On average, yeah, with some significant fluctuations. She can easily get to 10-15 hours in a week with just theater alone, in the final run-up to a performance, but that does temporarily crowd out some of the other activities. Right now she's at only about 1.5 hours a week, as she waits for those other activities to ramp up. We haven't identified a piano teacher for her yet, and soccer doesn't start until around August.

Originally Posted By: ultramarina
It's the single focus on one competitive thing here (for a little guy) that I wonder about here for DS. He does actually have some interest in sports, too, and I feel like a heavy chess schedule kind of precludes that.


Yeah, I totally get your concern there. We have always insisted that at least one of DD's activities has to be an athletic one, for health reasons. This policy has proven itself to be good for her in other ways as well.
Posted by: JonLaw

Re: If your child is gifted with a sport/instrument... - 03/21/14 11:22 AM

Originally Posted By: ColinsMum
I'm really surprised at the large numbers here. Many of your kids are spending longer on a single activity than the number of waking non-school non-travelling hours my kid has in total!


Well, in the case of things like dogging, a lot of it is travel time, so you spend 12 hours in a van with dogs in crates.
Posted by: binip

Re: If your child is gifted with a sport/instrument... - 03/21/14 11:26 AM

Originally Posted By: Dude
Yeah, I totally get your concern there. We have always insisted that at least one of DD's activities has to be an athletic one, for health reasons. This policy has proven itself to be good for her in other ways as well.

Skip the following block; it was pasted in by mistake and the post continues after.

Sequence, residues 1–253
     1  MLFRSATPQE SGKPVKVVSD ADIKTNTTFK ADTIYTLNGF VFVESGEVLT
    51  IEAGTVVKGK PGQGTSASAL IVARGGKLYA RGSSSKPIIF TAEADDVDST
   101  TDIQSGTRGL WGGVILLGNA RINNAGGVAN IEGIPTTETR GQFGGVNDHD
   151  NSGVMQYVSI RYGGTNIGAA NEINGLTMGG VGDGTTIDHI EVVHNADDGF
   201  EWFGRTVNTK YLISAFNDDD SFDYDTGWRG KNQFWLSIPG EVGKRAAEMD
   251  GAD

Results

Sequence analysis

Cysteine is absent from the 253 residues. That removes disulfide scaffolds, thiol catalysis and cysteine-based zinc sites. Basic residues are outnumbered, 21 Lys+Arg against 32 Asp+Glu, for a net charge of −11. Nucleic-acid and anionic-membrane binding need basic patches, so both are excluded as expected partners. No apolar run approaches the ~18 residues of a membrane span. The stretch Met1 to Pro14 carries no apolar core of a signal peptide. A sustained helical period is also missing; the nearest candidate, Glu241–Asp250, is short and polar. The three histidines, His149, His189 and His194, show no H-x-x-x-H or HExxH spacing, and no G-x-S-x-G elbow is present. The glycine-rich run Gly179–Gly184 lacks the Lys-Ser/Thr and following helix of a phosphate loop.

Originally Posted By: ultramarina

It's the single focus on one competitive thing here (for a little guy) that I wonder about here for DS. He does actually have some interest in sports, too, and I feel like a heavy chess schedule kind of precludes that.


Couldn't agree more. They don't have enough PE and recess in school for a child to develop a healthy amount of coordination and heart strength. Not to mention, it's good for more academically-oriented kids to do something that is not their forte, to strengthen their mettle.
Posted by: HowlerKarma

Re: If your child is gifted with a sport/instrument... - 03/21/14 11:27 AM

Yeah-- we've made the more physical activity not really negotiable with our DD, too-- so she runs every morning with the dog.


We don't do what Jon posits-- I only count active dog-time. But we aren't really into AKC conformation events, and only do AKC companion activities. All of this is local, and most of it is training time.
Posted by: Loy58

Re: If your child is gifted with a sport/instrument... - 03/21/14 11:30 AM

OK, LOL! I guess I am involved in "dogging" (and just hadn't heard the term before!), and was looking to get DD involved with our next dog, too! Great activity for kids, IMO.
Posted by: JonLaw

Re: If your child is gifted with a sport/instrument... - 03/21/14 12:14 PM

Originally Posted By: HowlerKarma
Yeah-- we've made the more physical activity not really negotiable with our DD, too-- so she runs every morning with the dog.


We don't do what Jon posits-- I only count active dog-time. But we aren't really into AKC conformation events, and only do AKC companion activities. All of this is local, and most of it is training time.